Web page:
Hepatitis C virus (HCV) testing should shift from the current two-step process to one that requires just a single blood draw, making it quicker and easier to identify people who could benefit from treatment, according to updated guidance from the Centers for Disease Control and Prevention (CDC).

Estimates suggest that more than 2 million people in the United States have hepatitis C. Modern direct-acting antiviral therapy is highly effective, and starting treatment promptly can prevent progression to advanced liver disease, including cirrhosis and liver cancer. However, only a third of people living with HCV have been successfully treated, the CDC recently reported.

Guidelines recommend that all adults should be screened for HCV at least once, regardless of risk factors. One barrier to timely treatment is a cumbersome testing process in which a person first undergoes blood collection for HCV antibody screening and then, if they test positive, must return for a second blood draw to test for HCV RNA, or viral load. People who have ever been infected with HCV—even if they have successfully cleared the virus—will test positive for antibodies. Detectable HCV RNA shows that a person has current active infection and could benefit from treatment.

When an HCV antibody test is positive and no follow-up HCV RNA test is performed, testing is considered incomplete. Historically, about one third of people screened for antibodies have incomplete testing.

According to the updated guidance, all sites that perform HCV screening should collect blood samples at a single visit. Samples that test positive for antibodies should then be tested for HCV RNA, a process known as reflex testing, or automatic testing, because it does not require additional action on the part of patients or health care providers.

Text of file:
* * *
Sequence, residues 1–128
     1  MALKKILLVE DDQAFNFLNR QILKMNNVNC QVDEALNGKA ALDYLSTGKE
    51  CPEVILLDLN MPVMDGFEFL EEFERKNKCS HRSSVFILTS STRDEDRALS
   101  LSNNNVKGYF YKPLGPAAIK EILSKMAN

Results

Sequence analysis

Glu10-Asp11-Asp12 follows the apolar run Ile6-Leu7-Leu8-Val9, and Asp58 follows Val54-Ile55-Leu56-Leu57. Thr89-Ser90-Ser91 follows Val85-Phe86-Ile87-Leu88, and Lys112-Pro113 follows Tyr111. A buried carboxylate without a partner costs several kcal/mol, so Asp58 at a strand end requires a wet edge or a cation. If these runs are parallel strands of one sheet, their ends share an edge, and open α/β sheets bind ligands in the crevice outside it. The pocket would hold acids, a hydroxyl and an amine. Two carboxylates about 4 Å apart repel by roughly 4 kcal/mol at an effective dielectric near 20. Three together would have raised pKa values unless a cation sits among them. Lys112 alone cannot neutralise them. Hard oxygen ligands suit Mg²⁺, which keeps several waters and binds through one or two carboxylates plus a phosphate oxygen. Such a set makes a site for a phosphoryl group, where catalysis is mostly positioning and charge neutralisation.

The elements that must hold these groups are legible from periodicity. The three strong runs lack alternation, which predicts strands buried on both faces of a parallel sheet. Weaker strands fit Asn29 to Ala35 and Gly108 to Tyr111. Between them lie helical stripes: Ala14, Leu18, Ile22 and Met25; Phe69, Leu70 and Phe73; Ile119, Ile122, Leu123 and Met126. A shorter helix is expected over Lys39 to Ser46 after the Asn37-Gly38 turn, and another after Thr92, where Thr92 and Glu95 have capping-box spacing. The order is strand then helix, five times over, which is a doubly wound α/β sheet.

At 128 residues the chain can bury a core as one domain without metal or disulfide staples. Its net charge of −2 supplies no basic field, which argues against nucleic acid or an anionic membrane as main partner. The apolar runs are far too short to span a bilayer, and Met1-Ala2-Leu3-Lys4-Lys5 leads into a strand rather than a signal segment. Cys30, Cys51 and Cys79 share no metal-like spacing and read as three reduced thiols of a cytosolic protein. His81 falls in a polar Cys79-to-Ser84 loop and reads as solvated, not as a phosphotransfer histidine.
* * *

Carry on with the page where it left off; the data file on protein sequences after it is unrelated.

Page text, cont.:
Automatic testing can be done using either the same sample of blood drawn from a vein or a second sample collected at the same time. If screening is done using blood from a finger stick, a venous blood sample should also be collected at the same time for HCV RNA testing.

As described in Morbidity and Mortality Weekly Report, Emily Cartwright, MD, of the CDC’s National Center for HIV, Viral Hepatitis, STD, and TB Prevention, and colleagues reviewed data comparing outcomes of traditional two-step testing and automatic HCV RNA testing. A Veterans Health Administration (VA) study found that automatic testing increased the rate of complete testing from 64% to 98%; the VA has required this approach since 2018. Similarly, the Cherokee Nation Health Services found that complete testing rose from 68% to 85% after automatic testing was implemented.

“Use of strategies that require multiple visits to collect HCV testing samples should be discontinued,” the CDC authors wrote. “Automatic HCV RNA testing on all HCV antibody reactive samples will increase the percentage of patients with current HCV infection who are linked to care and receive curative antiviral therapy.”

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